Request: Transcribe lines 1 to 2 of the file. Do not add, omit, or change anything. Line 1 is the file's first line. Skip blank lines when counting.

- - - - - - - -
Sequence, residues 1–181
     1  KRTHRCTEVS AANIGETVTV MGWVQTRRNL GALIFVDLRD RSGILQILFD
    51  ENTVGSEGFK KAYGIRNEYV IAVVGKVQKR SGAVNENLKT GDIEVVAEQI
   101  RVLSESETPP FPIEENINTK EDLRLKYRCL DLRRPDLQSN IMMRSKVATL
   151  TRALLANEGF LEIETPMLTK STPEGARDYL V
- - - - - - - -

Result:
Sequence, residues 1–181
     1  KRTHRCTEVS AANIGETVTV MGWVQTRRNL GALIFVDLRD RSGILQILFD